Vladimir Nabokov

NABOKV-L post 0005800, Fri, 9 Mar 2001 14:27:19 -0800

Re: Rosebud (fwd)
From: Kiran Krishna <kiran@Physics.usyd.edu.au>

I usually accept Nabokov's insistent denials of influence (Ignoring them
has led to some rather dreadful errors in the past: Someone's - Her name
escapes me - essay on Kafka comes to mind; Influence, as Appel
acknowledges, is a troublesome question), and I agree that there is no
reason to doubt his denial. However, I hadn't read the book since I
couldn't find it at our library, and I presumed that it was no different
from the essay. Still, as with Stravinsky, there are some interesting

On Fri, 9 Mar 2001, Galya Diment wrote:

> From: Brian Walter <bdwalter@artsci.wustl.edu>
> Appel's essay "Nabokov's Dark Cinema" may not mention Welles, but his book
> *Nabokov's Dark Cinema* (OUP, 1974) certainly does. Appel does in fact
> verify that Nabokov loved *Citizen Kane*; apparently, Nabokov described it
> as "Extraordinary! A masterpiece" (p. 57). Appel even asks Nabokov about
> the famous "'Rosebud' ending," which Welles labeled "dollar-book Freud"; by
> way of reply, Nabokov apparently "shrugged his shoulders, and the
> conversation turned to soccer" (57-8).
> Unfortunately for this line of inquiry, the same passage has Nabokov
> rejecting any possibility of influence or allusion, as he informed Appel
> that he had seen *Citizen Kane* only in 1972, on Swiss television (57).
> It's probably a good idea to take any of Nabokov's insistent denials of
> influence or allusion with a grain of salt (apart from Freud, few things
> seem to have sparked Nabokov's competitive zeal more readily than a
> suggestion that he was not self-engendered as a writer, one who effectively
> skipped the gestation of apprenticeship and imitation that so many other
> artists acknowledge; see, for instance, just about any interview in *Strong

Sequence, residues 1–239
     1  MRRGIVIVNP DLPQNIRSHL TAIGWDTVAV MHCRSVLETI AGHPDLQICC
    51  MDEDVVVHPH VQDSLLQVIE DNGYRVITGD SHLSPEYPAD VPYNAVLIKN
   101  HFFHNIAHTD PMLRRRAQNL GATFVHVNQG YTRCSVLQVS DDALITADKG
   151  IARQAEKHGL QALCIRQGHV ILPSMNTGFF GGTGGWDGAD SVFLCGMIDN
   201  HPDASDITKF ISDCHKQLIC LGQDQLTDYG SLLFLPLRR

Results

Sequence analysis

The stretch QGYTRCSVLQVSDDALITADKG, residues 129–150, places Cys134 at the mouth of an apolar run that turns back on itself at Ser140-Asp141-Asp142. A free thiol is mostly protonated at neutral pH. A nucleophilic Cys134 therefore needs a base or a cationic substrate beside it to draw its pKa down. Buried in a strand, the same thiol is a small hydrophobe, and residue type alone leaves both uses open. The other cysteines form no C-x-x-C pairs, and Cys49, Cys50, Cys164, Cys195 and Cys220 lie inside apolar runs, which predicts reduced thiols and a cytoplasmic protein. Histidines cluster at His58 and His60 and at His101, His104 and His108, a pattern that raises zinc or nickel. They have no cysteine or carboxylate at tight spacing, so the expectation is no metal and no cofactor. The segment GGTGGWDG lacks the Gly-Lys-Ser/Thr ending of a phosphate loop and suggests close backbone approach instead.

> Opinions*). But in this case, there seems no reason not to take Nabokov at
> his word.
> ----- Original Message -----
> From: Galya Diment <galya@u.washington.edu>
> Sent: Thursday, March 08, 2001 10:40 AM
> Subject: Rosebud (fwd)
> From: Kiran Krishna <kiran@Physics.usyd.edu.au>
> It just occured to me that in the following sentence (Part 1, Chapter 7,
> Page 23 in the annotated edition):
> "Next day, an asthmatic woman, coarsely painted, garrulous, garlicky, with
> an almost farcical Provencal accent and a black mustache above a purple
> lip, took me to what was her own domicile, and there, after explosively
> kissing the bunched tips of her fat fingers to signify the delectable
> rosebud quality of her merchandise, she theatrically drew aside a curtain
> to reveal what I judged was that part of the room where a large and
> unfastidious family usually slept."
> Rosebud could be interpreted as a reference to Orson Welles' Citizen
> Kane. Of course, allusions cannot really be discerned from single words,
> but Welles, like a number of other great artists, has a fascination with
> vulgarity (though in Citizen Kane, the vulgarity is closer to kitsch
> than poshlost'). Ada (especially Dan Veen, the dream chapter - Part 2,
> Chapter 3, and the dozen elderly townsmen of Part 1, Chapter 39, which
> reminds me of the dozen vacationers in the west wing of Xanadu) suggests
> Citizen Kane much more strongly. However, I find that Appel's essay (which
> among other things is remarkable for its appreciation of Stravinsky's
> Oedipus Rex), 'Nabokov's Dark Cinema' (collected, if you cannot find it by
> itself, in 'The Bitter Air of Exile') makes no mention at all of Welles,
> and neither, I notice, does Vladimir Nabokov: The American Years. Still, I
> think it would be a fascinating area of research, and would be delighted
> to hear other views on this subject.


"I am an obscure, doubly obscure, novelist with an unpronounceable name."
- Vladimir Nabokov